6. Priorities for the Chief Constable (3. To protect people from exploitation and abuse)
The exploitation or abuse of anyone in Kent is unacceptable which is why the vulnerable must be protected. Kent Police must work with local partners to identify exploitation and abuse wherever it is occurring, pursue and bring offenders to justice, take action to safeguard victims and facilitate the provision of appropriate support to help them cope and recover.
From May 2022 Kent Police introduced the following:
1) Proactive DA Teams – focused on those posing the greatest harm by targeting DA offenders, working with partners to identify the best ‘problem solving’ approach to manage them, referring suitable individuals to the perpetrator programme and providing support to victims.
Example: A DA offender, career criminal with links to gangs and drugs, assaulted his partner and damaged her vehicle. The Team gathered intelligence and arrested the suspect as he re-entered the UK. They recovered a large quantity of cash, expensive clothing and mobile phones. The suspect was charged with money laundering and subject to a confiscation order to recover seized assets. The DA victim was safeguarded through bail conditions.
2) DA Hub – focused on becoming a centre of excellence for DA, utilising video technology and telephony to virtually respond to non-immediate calls to secure evidence and conduct risk assessments and referring victims to the most appropriate support service.
Example: A DA victim called the police to report harassment, stalking and public order offences. Within 4 hours, a full account was secured via video, safeguarding was completed, a statement taken and the suspect arrested. The suspect was charged and remanded for multiple offences.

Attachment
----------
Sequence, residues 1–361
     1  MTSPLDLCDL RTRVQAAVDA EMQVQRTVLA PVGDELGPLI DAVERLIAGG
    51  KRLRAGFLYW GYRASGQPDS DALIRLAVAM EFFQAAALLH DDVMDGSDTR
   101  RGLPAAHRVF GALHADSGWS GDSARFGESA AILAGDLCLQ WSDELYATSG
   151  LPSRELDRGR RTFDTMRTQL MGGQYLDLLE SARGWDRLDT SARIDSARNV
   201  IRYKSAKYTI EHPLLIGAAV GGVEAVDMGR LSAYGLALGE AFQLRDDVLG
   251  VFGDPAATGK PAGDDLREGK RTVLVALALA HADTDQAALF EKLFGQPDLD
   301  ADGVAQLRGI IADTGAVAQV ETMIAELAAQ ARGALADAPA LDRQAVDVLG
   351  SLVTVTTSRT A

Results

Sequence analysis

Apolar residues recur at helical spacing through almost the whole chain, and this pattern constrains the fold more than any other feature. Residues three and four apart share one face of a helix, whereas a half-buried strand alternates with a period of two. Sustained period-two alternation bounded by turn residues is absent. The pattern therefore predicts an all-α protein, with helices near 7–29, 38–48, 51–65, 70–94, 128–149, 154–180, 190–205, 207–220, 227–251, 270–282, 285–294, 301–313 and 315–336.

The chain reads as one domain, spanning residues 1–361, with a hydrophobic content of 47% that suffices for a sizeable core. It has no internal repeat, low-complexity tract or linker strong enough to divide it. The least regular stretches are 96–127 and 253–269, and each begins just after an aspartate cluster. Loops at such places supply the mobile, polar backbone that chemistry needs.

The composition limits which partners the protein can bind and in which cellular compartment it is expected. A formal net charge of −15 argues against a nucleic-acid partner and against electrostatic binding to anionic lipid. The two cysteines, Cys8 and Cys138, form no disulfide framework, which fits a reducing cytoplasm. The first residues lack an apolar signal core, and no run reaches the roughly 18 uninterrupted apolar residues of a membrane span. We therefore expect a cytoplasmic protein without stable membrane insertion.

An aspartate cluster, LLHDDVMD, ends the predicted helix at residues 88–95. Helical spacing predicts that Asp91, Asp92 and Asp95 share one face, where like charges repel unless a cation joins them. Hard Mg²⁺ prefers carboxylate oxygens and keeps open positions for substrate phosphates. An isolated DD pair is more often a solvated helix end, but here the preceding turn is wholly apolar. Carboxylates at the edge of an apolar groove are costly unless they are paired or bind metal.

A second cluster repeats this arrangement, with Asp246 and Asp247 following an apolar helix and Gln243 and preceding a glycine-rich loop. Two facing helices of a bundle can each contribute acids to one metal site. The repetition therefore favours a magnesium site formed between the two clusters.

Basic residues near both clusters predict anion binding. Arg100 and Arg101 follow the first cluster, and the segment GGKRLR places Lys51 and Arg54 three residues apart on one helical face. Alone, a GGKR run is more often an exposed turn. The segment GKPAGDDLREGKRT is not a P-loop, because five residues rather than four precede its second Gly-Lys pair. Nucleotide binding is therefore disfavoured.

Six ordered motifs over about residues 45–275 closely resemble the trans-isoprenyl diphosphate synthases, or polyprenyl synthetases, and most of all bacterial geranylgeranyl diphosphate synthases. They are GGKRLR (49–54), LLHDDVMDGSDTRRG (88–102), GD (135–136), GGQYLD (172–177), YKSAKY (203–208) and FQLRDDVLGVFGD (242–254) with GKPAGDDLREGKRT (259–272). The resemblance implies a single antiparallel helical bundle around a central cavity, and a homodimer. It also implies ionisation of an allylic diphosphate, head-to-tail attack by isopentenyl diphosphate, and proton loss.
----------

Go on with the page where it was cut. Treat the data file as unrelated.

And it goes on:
3) Due to its geographical location, Kent acts as a gateway to and from the continent which organised criminals use for trafficking and exploitation. Kent Police is committed to working with partners to tackle this crime and through its Modern Slavery and Human Trafficking Team and a myriad of training programmes, has provided officers with a better understanding and ability to identify victims and implement safeguarding. This has helped ensure more victims are referred through the National Referral Mechanism, generating more investigative opportunities and providing the vulnerable with effective support.
Example: A Vietnamese male called 999 reporting he had been kidnapped and bundled into the back of a lorry. The male’s phone identified his location in Kent and patrols attended the area and located two Vietnamese males in the back of a HGV. As a result of enquiries, 4 males were arrested, charged and remanded for conspiracy to kidnap and conspiracy to commit the offence of kidnapping or false imprisonment with the intention of human trafficking.